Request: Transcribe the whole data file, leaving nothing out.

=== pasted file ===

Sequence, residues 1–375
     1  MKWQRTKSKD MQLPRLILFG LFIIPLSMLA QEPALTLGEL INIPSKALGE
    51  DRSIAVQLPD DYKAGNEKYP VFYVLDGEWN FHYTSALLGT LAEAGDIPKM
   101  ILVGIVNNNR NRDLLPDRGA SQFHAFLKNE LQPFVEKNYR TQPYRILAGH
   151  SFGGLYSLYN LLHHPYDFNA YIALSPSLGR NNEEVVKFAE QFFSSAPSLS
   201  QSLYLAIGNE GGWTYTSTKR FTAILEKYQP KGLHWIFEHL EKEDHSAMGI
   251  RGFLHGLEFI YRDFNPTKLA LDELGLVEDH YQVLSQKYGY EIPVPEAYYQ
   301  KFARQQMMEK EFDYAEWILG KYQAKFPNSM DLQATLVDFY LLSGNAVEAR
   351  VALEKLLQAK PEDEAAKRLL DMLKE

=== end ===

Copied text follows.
Sequence, residues 1–375
     1  MKWQRTKSKD MQLPRLILFG LFIIPLSMLA QEPALTLGEL INIPSKALGE
    51  DRSIAVQLPD DYKAGNEKYP VFYVLDGEWN FHYTSALLGT LAEAGDIPKM
   101  ILVGIVNNNR NRDLLPDRGA SQFHAFLKNE LQPFVEKNYR TQPYRILAGH
   151  SFGGLYSLYN LLHHPYDFNA YIALSPSLGR NNEEVVKFAE QFFSSAPSLS
   201  QSLYLAIGNE GGWTYTSTKR FTAILEKYQP KGLHWIFEHL EKEDHSAMGI
   251  RGFLHGLEFI YRDFNPTKLA LDELGLVEDH YQVLSQKYGY EIPVPEAYYQ
   301  KFARQQMMEK EFDYAEWILG KYQAKFPNSM DLQATLVDFY LLSGNAVEAR
   351  VALEKLLQAK PEDEAAKRLL DMLKE